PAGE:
By Emily Timmins The Long Lens|


FFFF French Female Filmmakers Festival

CINEMA CLUB Cinema Club began in 2018 - the first film screened was ‘Snowpiercer’ (2013, dir. Bong Joon-Ho) - and it has steadily grown since. Due to COVID-19, college closed early for the year meaning we were unable to watch films together. At our last meeting, we decided to try this French Female Filmmakers Festival (FFFF), screening films made by French women. We started with Alice Guy-Blaché, an unknown pioneer of filmmaking and a historic icon who got wiped from the history books by the patriarchy. We went on to watch the films of Claire Denis, Celine Sciamma and Agnes Varda.

Alice Guy Blaché If you have not heard of Alice GuyBlaché, do not be surprised. She was a pioneering filmmaker who was erased from history by the established, male filmmaking society. She worked as a secretary for a camera-developing company and, when she saw the Lumière Brothers display their filmreels for the first time, began her mission to make films herself. She became the first woman to direct a film in 1896 and the first woman to own a production company. She made over a thousand films, but the developing major production companies wiped her from the history books. Her work should be seen, remembered and celebrated.

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‘La Fée aux Choux’ (1896) ‘La Fée aux Choux’ translates to ‘The Cabbage Fairy’; it was the first film directed by a woman. Made in 1896, impressively early on in the history of filmmaking - ‘A Horse in Motion’ came out in 1878 and only a year after the Lumiѐre Brothers premiered. The film is under 1 minute long, limited by the basic technology available. It is a fantasy fiction presenting a woman who pulls babies from cabbages. This is an interesting topic for a film, let alone the first film directed by a woman (men’s first films were simply videos of whatever they could see). Though this may not be a classic film, it is historic as it is the first film directed by a woman.

‘The Consequences of Feminism’ (1906)

‘La Fée aux Choux’ (1896) ‘The Consequences of Feminism’ (1906) ‘Madame a des Envies’ (1907) ‘La Glu’ (1907) ‘Falling Leaves’ (1912)


‘The Consequences of Feminism’ came ten years later, and thanks to updated technology, it lasts over 6 minutes. As the title suggests, the film is a scenario of a world that embraces feminism. On first viewing, I was confused. I did get some of it but I really understood it the second time I watched it knowing that all of the roles were reversed. The men take on the traditional female gender roles (childcare and housework) while the women perform masculine gender roles (being overly forward, forcing kisses, trying to propose and enforcing the patriarchy). Understanding that the roles are reversed, this is the analogy for feminism because women (represented by the men in the film) can work together and overthrow the patriarchy. The performances in the film are very theatrical, as expected from a silent film, as the actions say what the dialogue cannot, which enhances the comedy of the situation. The men’s impressions of women and vice versa are still funny now, even though gender is less rigid; you can tell this is a parody film and this brings out the entertainment as well as the message.


‘Madame a des Envies’ (1907) ‘Madame a Des Envies’ from 1907 is a short film about the post-natal mischief of a woman re-experiencing delights that she missed out on because of pregnancy. First, she steals a young girl’s lollipop, then a stranger’s absinthe then meat from a homeless man. In the last scene, she falls on a cabbage and finds another baby next to her (reference from ‘La Fée aux Choux). All the while, throughout this 4minute film, the lady’s husband is following her with the pram containing her baby. This is a portrait of something rarely shown in cinema, something that only a woman could present. This is a hidden treasure, along with the rest of Guy-Blaché’s films; films like these make the world a more understanding and sensible place by simply expressing and representing the lives of women.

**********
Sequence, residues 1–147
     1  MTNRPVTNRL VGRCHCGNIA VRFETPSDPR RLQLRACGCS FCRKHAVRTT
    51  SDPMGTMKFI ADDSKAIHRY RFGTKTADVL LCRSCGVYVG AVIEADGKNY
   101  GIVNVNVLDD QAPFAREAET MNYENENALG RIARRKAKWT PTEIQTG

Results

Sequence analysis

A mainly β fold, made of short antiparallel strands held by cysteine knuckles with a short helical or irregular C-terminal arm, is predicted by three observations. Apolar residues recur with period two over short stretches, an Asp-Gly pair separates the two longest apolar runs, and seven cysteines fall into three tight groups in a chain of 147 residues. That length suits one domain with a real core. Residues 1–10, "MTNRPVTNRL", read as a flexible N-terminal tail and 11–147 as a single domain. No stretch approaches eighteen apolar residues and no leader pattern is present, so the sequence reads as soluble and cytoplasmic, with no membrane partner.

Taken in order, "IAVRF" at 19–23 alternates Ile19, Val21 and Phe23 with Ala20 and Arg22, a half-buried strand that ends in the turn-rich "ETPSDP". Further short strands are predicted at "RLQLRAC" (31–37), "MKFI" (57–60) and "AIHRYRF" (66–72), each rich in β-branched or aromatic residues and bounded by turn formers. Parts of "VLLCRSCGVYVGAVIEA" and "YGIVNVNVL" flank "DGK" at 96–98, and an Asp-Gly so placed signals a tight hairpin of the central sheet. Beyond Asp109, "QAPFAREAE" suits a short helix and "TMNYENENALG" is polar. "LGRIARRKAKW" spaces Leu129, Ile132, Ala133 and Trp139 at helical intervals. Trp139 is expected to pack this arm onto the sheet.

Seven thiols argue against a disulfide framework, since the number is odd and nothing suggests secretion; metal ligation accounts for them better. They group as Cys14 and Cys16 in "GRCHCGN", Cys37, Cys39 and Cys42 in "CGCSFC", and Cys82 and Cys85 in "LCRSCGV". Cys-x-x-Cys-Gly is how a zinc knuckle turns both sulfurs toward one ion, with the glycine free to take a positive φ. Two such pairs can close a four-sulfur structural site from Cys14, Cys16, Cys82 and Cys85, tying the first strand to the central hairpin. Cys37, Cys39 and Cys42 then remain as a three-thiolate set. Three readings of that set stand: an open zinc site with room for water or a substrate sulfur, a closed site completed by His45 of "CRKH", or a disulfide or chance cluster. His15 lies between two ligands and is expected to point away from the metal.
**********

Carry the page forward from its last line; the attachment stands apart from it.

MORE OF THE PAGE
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‘La Glu’ (1907) ‘La Glu’ (The Glue), also from 1907, is a comedy that isn’t about gender. A young boy finds a bucket of glue and causes havoc: he paints the doorsteps of a house and a bench beside it before gluing the seat and handlebars of a gentleman’s bike. When the people get stuck, you can’t help but find it amusing, especially the boy’s reaction. This is a great, physical comedy short that you wouldn’t be surprised to see from Keaton, but it was made by a woman before he was even making films.

‘Falling Leaves’ (1912)

The last of Guy-Blaché's films we watched is ‘Falling Leaves’ from 2012. This is a drama about death and connection, but is rather sweet to watch. We start with a doctor announcing a cure for a disease. Then we see a young lady has fallen ill and “when the last leaf [of Autumn] falls, she will have passed away”. When the news is given to the family that she is dying, there is a long shot in which the parents react and Trixie is in the background. This is a very sombre moment but it is underpinned with the hope that the doctor can save her. Her innocent little sister, Trixie, starts to tie the leaves to the trees so they cannot fall. The doctor sees the young girl and offers to help her sister. This is a much more serious film than any of the others, yet the drama is not harsh enough to damage you because of the connections we see in the family, the doctor and nature.